Jamie (Arizona, USA): Was Korea’s Yu-Na Kim at all a factor in deciding to train with Orser?
Adam: The reason I came to work with Brian was because he had the experience of being a skater at the top level and coaching a skater at the top level.
Cheryl (Ontario, Canada): What is it like training with Yu-Na Kim? Because she is one of the greatest skaters the world has ever seen, and you are out there on the ice with her, does she have an impact on your skating?
Adam: Skating with Yu-Na is great. I really feed off of her skating and I feel that she feeds off of mine. It’s been a really great thing.
Haliem (Korea): What is it like being friends with Yu-Na?
Adam: It is very nice. She is very sweet and an amazing skater.
Jamie (Arizona, USA): Before training with Orser, you went to train with Paul Wylie. Can you tell us a little bit about that experience?
Adam: Skating with Paul was a very good thing mentally for me to do. While I was there skating with him, we had the chance to talk and I discussed everything that was going on with my coaching situation. He really helped me to put things into perspective and look forward. I am incredibly thankful.
Diane (New York, USA): In May, the Professional Skaters Association (PSA) selected you as the “Edi” Award winner for the Best Men’s Performance at the 2008 U.S. Championships. What was it like receiving that award when you were skating as a junior and had to compete for the honor with more seasoned competitors like Evan Lysacek and Johnny Weir?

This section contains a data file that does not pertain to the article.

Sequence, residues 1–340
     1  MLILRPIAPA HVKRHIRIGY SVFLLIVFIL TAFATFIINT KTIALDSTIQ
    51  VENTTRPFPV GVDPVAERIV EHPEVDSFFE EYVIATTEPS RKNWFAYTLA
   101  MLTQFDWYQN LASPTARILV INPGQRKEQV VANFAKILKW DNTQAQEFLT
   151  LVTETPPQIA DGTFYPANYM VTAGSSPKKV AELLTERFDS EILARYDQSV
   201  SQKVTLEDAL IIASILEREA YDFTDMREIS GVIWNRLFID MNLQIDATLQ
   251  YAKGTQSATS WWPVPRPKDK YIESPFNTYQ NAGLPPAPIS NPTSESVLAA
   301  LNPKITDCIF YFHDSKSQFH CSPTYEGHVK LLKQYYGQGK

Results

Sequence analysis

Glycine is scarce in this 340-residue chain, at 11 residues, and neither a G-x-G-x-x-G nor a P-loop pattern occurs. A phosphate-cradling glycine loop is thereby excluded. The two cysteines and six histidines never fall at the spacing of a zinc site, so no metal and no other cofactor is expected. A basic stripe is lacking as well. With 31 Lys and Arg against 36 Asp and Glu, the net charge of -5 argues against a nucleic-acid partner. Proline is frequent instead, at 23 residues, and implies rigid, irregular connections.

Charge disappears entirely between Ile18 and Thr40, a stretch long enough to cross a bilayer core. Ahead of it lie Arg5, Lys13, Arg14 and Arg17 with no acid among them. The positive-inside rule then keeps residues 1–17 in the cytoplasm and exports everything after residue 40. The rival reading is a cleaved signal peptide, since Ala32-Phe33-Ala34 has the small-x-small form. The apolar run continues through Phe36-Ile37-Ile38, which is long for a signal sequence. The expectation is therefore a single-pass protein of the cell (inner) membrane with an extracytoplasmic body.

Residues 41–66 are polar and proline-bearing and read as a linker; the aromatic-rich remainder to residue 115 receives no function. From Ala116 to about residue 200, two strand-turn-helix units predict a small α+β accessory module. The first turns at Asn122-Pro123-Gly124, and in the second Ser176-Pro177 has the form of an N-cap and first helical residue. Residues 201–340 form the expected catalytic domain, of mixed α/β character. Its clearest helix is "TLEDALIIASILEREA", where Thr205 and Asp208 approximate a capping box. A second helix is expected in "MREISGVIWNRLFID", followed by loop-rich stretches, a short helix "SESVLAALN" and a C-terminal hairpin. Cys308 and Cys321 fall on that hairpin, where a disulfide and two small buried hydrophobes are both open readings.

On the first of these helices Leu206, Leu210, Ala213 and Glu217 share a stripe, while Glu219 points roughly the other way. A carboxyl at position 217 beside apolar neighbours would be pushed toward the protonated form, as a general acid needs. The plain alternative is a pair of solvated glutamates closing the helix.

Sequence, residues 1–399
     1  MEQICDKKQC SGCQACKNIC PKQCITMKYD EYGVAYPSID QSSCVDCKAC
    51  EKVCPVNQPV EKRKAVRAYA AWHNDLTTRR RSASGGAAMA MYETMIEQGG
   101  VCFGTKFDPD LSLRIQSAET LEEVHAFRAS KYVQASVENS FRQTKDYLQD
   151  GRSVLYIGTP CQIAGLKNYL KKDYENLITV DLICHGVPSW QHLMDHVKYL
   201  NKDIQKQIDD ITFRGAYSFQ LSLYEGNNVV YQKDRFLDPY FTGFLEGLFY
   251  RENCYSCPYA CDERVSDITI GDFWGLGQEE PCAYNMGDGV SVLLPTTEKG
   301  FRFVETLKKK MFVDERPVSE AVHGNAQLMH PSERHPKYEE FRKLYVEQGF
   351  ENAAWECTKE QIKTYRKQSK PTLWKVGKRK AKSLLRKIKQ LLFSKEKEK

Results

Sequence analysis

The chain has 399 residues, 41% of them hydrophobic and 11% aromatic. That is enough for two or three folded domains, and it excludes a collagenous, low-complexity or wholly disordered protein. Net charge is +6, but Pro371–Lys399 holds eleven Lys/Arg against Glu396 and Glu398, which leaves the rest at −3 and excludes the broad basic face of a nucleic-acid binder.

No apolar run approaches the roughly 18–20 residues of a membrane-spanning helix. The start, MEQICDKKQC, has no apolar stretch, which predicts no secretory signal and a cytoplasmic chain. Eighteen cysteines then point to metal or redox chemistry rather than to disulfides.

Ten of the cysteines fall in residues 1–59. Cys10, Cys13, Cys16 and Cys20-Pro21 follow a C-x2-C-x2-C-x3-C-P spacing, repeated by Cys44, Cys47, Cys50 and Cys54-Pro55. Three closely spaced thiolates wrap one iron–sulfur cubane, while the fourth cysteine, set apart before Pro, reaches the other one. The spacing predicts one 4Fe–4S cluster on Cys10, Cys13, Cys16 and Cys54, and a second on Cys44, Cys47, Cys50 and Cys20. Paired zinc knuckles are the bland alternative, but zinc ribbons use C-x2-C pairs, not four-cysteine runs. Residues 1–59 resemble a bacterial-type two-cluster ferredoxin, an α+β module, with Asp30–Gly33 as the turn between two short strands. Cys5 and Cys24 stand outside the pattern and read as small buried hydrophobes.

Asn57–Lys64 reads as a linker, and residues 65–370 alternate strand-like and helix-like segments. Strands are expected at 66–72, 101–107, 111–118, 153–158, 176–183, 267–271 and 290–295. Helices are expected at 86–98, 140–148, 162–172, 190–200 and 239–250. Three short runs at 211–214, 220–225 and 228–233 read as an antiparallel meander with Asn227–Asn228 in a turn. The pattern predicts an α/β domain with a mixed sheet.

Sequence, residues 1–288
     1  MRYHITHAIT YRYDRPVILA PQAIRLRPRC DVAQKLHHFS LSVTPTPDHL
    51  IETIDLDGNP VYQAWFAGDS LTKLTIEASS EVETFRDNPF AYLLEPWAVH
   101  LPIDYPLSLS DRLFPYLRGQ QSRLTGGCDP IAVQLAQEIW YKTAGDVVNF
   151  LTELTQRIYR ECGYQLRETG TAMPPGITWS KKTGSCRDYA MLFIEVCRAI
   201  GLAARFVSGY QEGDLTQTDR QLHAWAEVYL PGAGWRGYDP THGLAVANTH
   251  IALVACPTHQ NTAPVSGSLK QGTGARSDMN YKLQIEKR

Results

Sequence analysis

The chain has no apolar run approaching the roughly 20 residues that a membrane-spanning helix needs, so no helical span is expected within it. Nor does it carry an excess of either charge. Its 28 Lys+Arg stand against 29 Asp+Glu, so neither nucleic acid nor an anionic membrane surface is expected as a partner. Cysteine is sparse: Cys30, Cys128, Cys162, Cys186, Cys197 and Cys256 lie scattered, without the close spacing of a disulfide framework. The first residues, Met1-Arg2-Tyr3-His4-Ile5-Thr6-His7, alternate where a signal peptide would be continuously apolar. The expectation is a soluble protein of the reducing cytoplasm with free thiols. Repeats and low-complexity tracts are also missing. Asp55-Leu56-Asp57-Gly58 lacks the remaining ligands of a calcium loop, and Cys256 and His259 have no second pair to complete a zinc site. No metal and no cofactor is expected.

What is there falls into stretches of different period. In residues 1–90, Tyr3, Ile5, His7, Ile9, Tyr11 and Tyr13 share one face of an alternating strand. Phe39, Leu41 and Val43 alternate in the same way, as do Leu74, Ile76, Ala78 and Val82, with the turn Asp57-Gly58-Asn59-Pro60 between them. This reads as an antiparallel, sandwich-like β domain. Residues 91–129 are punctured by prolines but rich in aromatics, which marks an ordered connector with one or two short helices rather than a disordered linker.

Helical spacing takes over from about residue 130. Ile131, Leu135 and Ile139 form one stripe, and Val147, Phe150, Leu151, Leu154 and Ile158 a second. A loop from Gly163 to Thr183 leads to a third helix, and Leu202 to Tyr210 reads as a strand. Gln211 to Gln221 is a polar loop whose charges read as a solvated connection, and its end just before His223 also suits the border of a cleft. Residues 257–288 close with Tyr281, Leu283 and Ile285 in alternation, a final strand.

Adam: Finding out I had won the award was very exciting. I wouldn’t have even thought that I was able to be considered because I was junior. Winning the Edi award was a highlight from last season.
Edna (New Jersey, USA): Adam, you have a lot of very Johnny Weir like qualities about you. I’ve noticed that your costumes have a similar style. And like his skating, you’re very beautiful with a subtle softness. Do you draw inspiration from his skating?
Adam: I draw a lot of inspiration from many skaters, including Johnny. There are so many qualities from so many people that are very beautiful and powerful. I think people create their own style by drawing from past skaters and combining different thing they like about them and then making it work for them.
Olga (Germany): What are your favorite jumps and spins?
Adam: My favorite jump is the triple Lutz and my favorite spin is the camel. Why? I’m not entirely certain.
Ashley (Virginia, USA): What is your favorite country to skate in other than the USA? What city has been the most fun to visit?
Adam: This is such a hard question to answer because everywhere I have competed I have had a good time. The audience has always been really supportive and I am lucky to have, already, many great fans.
Brittany (Maine, USA): Hi Adam! What is your favorite ice cream flavor?
Adam: Vanilla. It is a classic.
Ashley (Virginia, USA): What are three words you’d describe yourself with?
Adam: Passionate, fun-loving and friendly.
Jamie (Arizona, USA): Thanks for taking the time to answer questions from your fans Adam. Is there anything that you’d like to add?
Adam: Thank you for your questions!
For more information on Adam Rippon, visit his official Web site Adam Rippon Online at www.figureskatersonline.com/adamrippon/.